Following L. Fuchs’ book *Infinite Abelian Groups*, we give in this note three equivalent definitions of divisibility of a group.

**Definition:** A divisible group is an abelian group such that for any and there exists satisfying .

**Definition:** An injective group is an abelian group such that for any abelian groups and and any morphisms and there exists a morphism so that .

**Theorem 1:** A group is injective if, and only if, it is divisible.

**Proof.** Let be a divisible group. For and , let be the morphism given by the definition where and is a divisible group containing (eg. if has infinite order or is a direct sum of Prüfer groups otherwise).

Because is divisible, there exists such that , hence . Therefore, is divisible.

Let be a divisible group. Let be two abelian groups and , be two morphisms. Without loss of generality, we suppose that is a subgroup of and that is just the canonical injection.

Let be the set of pairs where and extends , ordered by:

if and extends .

Notice that is inductive since every chain is bounded above by . According to Zorn’s lemma, there exists a maximal element of .

By contradiction, suppose that and let .

- Case 1: where .

Because is divisible there exists such that . Introduce:

where and .

First, is well-defined since any element of can be uniquely written as where and . Indeed, suppose that where and . Then hence and since .

Secondly, is a morphism: if and , writing the division , we have:

- Case 2: .

Taking any , we define in a similar way:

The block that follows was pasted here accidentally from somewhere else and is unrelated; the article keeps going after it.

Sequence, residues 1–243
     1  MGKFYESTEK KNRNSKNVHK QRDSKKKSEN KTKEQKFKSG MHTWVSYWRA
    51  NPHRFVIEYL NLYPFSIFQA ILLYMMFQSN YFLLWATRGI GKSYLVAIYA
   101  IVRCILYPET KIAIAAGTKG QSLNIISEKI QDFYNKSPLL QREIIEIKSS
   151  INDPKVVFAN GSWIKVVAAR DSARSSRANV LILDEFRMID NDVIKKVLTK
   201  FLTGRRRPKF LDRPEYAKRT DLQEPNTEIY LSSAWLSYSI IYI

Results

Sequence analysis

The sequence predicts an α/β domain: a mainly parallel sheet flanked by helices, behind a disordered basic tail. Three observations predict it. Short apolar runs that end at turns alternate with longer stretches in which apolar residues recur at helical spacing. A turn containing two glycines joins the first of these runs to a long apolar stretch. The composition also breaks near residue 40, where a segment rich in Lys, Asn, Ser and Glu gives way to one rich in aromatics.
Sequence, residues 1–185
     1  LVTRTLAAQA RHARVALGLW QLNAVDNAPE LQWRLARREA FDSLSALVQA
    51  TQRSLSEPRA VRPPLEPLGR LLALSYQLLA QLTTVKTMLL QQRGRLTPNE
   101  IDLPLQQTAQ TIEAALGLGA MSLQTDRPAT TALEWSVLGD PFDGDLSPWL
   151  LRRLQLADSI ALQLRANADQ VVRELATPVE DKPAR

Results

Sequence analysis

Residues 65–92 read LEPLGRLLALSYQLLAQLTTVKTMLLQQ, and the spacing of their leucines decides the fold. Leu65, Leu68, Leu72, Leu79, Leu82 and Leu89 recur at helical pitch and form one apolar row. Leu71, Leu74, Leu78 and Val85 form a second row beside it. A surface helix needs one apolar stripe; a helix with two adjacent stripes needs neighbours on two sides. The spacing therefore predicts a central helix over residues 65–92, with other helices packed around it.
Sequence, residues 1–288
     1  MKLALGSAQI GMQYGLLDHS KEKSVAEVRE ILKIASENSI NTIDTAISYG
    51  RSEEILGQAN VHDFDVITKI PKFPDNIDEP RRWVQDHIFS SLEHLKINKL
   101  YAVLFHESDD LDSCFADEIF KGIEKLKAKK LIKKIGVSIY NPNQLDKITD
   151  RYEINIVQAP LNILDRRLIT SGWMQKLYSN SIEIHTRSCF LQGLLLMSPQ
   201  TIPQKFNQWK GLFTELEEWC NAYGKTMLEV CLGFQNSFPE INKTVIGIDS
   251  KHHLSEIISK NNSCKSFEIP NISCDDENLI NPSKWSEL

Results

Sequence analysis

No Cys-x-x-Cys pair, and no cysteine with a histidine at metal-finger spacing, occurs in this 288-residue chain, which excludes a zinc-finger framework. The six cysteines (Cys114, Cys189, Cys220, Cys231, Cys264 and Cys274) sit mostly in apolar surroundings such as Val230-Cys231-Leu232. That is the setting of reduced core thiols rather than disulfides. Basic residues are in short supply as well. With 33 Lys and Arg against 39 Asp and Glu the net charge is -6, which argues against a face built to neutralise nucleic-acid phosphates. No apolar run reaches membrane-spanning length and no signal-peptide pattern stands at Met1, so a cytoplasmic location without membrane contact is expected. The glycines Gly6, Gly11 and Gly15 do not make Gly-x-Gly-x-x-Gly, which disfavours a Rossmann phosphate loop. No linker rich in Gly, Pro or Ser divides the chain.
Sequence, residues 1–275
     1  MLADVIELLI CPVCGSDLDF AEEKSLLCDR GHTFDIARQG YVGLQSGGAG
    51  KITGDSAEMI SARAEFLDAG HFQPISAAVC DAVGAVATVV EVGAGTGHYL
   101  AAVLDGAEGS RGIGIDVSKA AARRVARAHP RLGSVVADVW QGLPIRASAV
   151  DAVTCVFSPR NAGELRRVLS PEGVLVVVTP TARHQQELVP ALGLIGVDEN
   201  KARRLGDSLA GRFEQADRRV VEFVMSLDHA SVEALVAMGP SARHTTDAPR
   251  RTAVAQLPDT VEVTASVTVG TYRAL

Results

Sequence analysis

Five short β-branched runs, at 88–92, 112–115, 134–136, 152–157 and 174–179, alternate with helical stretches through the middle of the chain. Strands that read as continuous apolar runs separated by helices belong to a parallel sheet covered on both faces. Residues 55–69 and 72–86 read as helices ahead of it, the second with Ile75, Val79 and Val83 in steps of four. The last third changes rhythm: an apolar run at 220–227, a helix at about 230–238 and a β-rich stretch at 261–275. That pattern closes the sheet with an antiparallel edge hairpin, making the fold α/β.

where and .

Again, is a well-defined homomorphism.

Finally, contradicts the maximality of . Consequently, and it is sufficient to set to conclude that is injective.

In an abelian group , a system of equations can be written as

,

where , and where is finite for each . Formally, can be viewed as an element of the abelian free group over .

We say that the system of equations is compatible over if a linear combination of ‘s leads to a linear combination of ‘s, ie. if then (where is finite). Clearly, if the system has a solution over then it is necessarily compatible.

**Theorem 2:** Let be an abelian group. Every compatible system of equations over has a solution in if, and only if, is a divisible group.

**Proof.** First, notice that the following system of equations is compatible over :

with and

Therefore, if every compatible system of equations has a solution, then is a divisible group.

Conversely suppose that is a divisible group and consider a compatible system of equations overs :

with and .

As above, let be the free abelian group over and be the subgroup generated by .

Because the system is compatible, extends to a homomorphism . According to theorem 1, is an injective group, so extends to a homomorphism . Finally, is a solution to the system.

**Corollary:** A system of equations over a divisible group has a solution if, and only if, every finite subsystem has a solution.

Just for fun, let us mention the following property:

**Property:** A subgroup of an abelian group is a direct summand if, and only if, every system of equations over solvable in is solvable in .

**Proof.** If is a direct summand of , then the projection on of any solution of a system of equations over is a solution in .

Conversely, suppose that every system of equations over solvable in is solvable in . For any coset let be a representant and consider the following compatible system of equations over :

with .

By assumption, there exists a solution . Let ; by construction, is a subgroup of . Moreover, and . Therefore, is a direct summand.

**Corollary:** Any divisible subgroup of an abelian group is a direct summand.